Yes. It was intriguing and unusual. My piece is essentially my response to that brief. I had begun playing with a few glass stacks as part of my studio work, but only in a very general and inconclusive way. It is also unusual for me to consciously address a material concern (i.e. glass and glass blowing) as part of my subject matter. I responded to Symmetry because the conceptual base was more important than the material presence. It also involved participants from a number of different media which I saw as a healthy trend for craft exhibitions.

How were your pieces constructed?

Initially, I’d stick things together with a hot glue gun, for speed and reversibility, and when I was happy with a particular configuration, I’d redo it with a two-part epoxy glue for strength and durability.

Do you think that it is important that all the bits came from the same opp shop…did you collect them all in one day?

I’m not sure where that idea came from–the bits are from opp shops all over the place (three States, actually) and all over the calendar.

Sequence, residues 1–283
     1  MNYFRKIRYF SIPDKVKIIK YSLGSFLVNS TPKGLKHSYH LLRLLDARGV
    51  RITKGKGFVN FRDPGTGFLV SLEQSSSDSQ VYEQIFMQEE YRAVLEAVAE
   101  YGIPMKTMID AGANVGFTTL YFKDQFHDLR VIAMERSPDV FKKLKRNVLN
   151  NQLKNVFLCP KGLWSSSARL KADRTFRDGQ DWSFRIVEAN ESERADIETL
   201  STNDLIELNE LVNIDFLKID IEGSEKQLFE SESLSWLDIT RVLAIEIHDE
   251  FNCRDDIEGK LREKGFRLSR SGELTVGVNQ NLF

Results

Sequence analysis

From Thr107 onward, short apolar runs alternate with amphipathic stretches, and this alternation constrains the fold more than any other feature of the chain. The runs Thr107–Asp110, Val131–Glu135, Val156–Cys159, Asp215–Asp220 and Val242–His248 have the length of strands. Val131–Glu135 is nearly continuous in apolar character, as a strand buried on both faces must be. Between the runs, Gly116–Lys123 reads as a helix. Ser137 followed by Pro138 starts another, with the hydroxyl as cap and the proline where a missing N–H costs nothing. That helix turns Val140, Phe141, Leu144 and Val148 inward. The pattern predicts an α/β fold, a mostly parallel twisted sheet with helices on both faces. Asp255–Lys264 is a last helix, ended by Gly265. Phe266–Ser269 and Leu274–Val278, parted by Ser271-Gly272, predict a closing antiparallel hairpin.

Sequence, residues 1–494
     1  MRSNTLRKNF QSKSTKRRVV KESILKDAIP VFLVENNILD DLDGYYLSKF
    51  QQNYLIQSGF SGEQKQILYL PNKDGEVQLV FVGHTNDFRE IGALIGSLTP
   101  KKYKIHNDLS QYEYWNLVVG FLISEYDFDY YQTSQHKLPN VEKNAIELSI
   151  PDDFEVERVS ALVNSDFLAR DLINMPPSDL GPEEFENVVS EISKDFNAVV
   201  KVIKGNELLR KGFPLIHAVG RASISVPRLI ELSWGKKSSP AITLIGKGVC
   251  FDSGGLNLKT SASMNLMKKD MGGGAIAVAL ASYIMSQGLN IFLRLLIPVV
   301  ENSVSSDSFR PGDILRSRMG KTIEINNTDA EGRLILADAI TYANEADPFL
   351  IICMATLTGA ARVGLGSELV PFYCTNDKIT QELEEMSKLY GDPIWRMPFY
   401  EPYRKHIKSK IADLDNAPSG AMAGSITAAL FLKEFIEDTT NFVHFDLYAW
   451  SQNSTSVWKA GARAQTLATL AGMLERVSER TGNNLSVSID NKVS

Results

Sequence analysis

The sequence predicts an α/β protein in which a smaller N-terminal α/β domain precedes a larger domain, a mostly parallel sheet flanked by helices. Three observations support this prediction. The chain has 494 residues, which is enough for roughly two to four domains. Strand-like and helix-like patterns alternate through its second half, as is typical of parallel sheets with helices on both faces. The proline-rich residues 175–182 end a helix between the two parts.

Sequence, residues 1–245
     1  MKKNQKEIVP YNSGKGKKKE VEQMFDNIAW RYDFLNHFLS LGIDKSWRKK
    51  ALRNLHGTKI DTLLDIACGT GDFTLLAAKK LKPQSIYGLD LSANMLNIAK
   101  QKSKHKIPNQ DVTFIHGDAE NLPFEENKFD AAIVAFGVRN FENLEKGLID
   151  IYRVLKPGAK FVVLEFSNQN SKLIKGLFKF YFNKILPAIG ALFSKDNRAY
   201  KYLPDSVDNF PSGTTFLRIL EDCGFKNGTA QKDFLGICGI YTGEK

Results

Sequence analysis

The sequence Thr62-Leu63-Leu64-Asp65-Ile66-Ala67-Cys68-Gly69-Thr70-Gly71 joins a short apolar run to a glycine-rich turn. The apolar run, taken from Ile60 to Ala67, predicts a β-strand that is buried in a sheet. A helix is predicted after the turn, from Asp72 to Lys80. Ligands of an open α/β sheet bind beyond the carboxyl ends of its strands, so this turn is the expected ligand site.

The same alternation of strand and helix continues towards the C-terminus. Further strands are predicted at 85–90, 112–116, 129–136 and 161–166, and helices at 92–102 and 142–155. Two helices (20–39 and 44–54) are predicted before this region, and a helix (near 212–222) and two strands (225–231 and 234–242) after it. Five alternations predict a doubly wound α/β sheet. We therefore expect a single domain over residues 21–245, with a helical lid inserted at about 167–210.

Was it important that the bits were old and machine made rather than hand-made?

It was important that they were everyday glass. It works against the exaggeration of the form and references within the pieces. It’s an ongoing interest for me–simple things, simple actions, no tricks. It was also a part of the jazz reference–basic units (notes) in exceptional combinations.

In your recent exhibition at the Luba Bilu Gallery (June 1984) in Melbourne you exhibited a wide variety of objects and materials–everything from rope quoits to pizza trays, tyres and trowels. The result looked like an accumulation of old machinery and implements artfully arranged. Do you feel that you ‘aesthetise (sic) junk’?